Generic Lybrel for Birth Control

A packet of birth control pills

Jonathan Nourok / Getty Images

Lybrel (levonorgestrel/Ethinyl estradiol) was a combination birth control pill. It was the first extended-cycle birth control pill designed to supply an active dose of hormones every day to completely stop your period for a full year.

Each pack contains 365 pills made up of 90 micrograms of levonorgestrel and 20 micrograms of Ethinylestradiol. Lybrel was approved for use by the U.S. Food and Drug Administration (FDA) on May 22, 2007.

The Lybrel brand name was discontinued in 2014 and is no longer being manufactured by Wyeth Pharmaceuticals Inc. It was replaced by a generic brand name levonorgestrel-ethinyl estradiol.

Lybrel was neither taken off the market for safety reasons nor recalled by the FDA. The decision to discontinue was purely a financial one driven by the flood of generic licenses submitted to the FDA.

Mechanism of Action

Lybrel works like any other combination birth control pill. The difference is that it is taken 365 days of the year and does not have a pill-free interval or placebo period.

As long as you take your Lybrel pill every day, you will not have your period. Lybrel does not permanently affect fertility once you stopped taking it. Research shows that 99% of women who stopped Lybrel had their periods restored within 90 days.

Withdrawal Bleeding

Women will sometimes worry if they continue to have monthly bleeding when first starting Lybrel. What is important to realize is that the bleeding is not part of your normal fertility cycle. Rather, it is considered withdrawal bleeding in which ovulation does not occur, but your body continues to undergo the process of shedding the lining of the uterus.

Advantages and Safety

Medical research has shown that Lybrel is just as safe as other combination birth control pills. The drug also has benefits over other types of birth control

One study reported that after seven to 13 pill packs, women on Lybrel reported less nausea and breast pain than those on a 21-day birth control pill. Research also showed that women who used Lybrel for three months reported less pre-menstrual and period-related pain.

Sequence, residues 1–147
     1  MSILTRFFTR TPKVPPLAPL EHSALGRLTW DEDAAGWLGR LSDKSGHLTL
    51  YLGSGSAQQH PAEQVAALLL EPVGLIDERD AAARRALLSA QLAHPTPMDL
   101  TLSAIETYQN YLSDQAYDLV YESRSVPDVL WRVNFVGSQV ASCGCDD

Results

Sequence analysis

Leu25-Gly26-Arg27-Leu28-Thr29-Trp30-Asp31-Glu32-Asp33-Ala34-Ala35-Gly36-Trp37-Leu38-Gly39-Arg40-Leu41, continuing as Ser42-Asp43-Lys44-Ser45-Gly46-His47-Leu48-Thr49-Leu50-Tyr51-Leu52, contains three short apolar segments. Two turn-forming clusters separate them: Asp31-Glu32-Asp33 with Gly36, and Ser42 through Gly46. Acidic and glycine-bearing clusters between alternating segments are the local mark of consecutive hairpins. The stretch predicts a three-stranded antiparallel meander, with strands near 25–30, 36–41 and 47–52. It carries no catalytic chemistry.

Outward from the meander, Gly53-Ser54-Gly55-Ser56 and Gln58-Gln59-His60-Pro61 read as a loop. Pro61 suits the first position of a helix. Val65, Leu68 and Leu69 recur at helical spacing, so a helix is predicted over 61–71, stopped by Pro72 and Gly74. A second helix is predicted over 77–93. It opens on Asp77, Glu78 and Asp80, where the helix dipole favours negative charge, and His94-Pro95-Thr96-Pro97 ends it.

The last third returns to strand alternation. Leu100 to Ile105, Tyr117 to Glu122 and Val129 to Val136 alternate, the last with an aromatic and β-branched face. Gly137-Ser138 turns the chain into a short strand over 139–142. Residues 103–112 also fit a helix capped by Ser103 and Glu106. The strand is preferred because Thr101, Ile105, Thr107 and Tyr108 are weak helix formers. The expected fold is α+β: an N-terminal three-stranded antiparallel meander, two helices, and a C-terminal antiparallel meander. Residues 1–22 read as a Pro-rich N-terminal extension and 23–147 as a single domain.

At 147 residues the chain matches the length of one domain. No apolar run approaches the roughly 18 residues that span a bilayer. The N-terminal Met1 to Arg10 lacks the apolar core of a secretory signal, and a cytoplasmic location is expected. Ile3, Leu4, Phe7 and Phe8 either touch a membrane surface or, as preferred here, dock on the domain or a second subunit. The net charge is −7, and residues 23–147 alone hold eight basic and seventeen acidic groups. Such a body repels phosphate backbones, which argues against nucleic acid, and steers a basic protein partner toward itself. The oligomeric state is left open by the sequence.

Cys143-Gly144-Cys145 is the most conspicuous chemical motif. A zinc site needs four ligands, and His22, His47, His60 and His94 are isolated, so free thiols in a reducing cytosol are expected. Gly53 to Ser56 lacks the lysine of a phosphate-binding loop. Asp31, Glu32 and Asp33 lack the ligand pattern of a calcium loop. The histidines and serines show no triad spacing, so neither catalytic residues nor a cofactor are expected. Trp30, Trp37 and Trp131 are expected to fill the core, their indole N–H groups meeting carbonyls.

Lybrel is as effective as other oral contraceptives, boasting an efficacy rate of 91% to 99.7%. With typical use, only nine of every 100 women will become pregnant during the first year of use.

With perfect use, less than one out of every 100 women will become pregnant during the first year of Lybrel use.


As with any other type of oral contraceptive, there are risks and considerations to Lybrel use. From a broader perspective, Lybrel and the generics have the same side effects as other hormonal contraceptive methods. However, the lower doses of hormones used in Lybrel may cause spotting in some women.

While Lybrel can significantly reduce the risk of pregnancy, it does not offer any protection against sexually transmitted infections.

6 Sources
Verywell Health uses only high-quality sources, including peer-reviewed studies, to support the facts within our articles. Read our editorial process to learn more about how we fact-check and keep our content accurate, reliable, and trustworthy.
  1. U.S. Food and Drug Administration, Center for Drug Evaluation and Research. FPL for approved NDA 21-864.

  2. Davis AR, Kroll R, Soltes B, Haudiquet V, Grubb G. Return to Menses After Continuous Use of a Low-Dose Oral Contraceptive. Obstet Gynecol. 2006;107(4 suppl):3S. doi:10.1097/00006250-200604001-00007

  3. Bonnema RA, Spencer AL. The new extended-cycle levonorgestrel-ethinyl estradiol oral contraceptives. Clin Med Insights Reprod Health. 2011;5:49-54. doi:10.4137/CMRH.S5030

  4. HPV CONSENSUS GUIDELINES COMMITTEE CHAIRS, SOGC PROJECT OFFICER, HPV CONSENSUS GUIDELINES COMMITTEE. Canadian Consensus Guideline on Continuous and Extended Hormonal Contraception, 2007. J Obstet Gynaecol Can. 2007;29(7 Suppl 2):S1. doi:10.1016/S1701-2163(16)32573-7

  5. Teichmann A, Apter D, Emerich J, et al. Continuous, daily levonorgestrel/ethinyl estradiol vs. 21-day, cyclic levonorgestrel/ethinyl estradiol: efficacy, safety and bleeding in a randomized, open-label trial. Contraception. 2009;80(6):504-511. doi:10.1016/j.contraception.2009.05.128

  6. Archer DF, Jensen JT, Johnson JV, Borisute H, Grubb GS, Constantine GD. Evaluation of a continuous regimen of levonorgestrel/ethinyl estradiol: phase 3 study results. Contraception. 2006;74(6):439-445. doi:10.1016/j.contraception.2006.07.005

Additional Reading

By Dawn Stacey, PhD, LMHC
Dawn Stacey, PhD, LMHC, is a published author, college professor, and mental health consultant with over 15 years of counseling experience.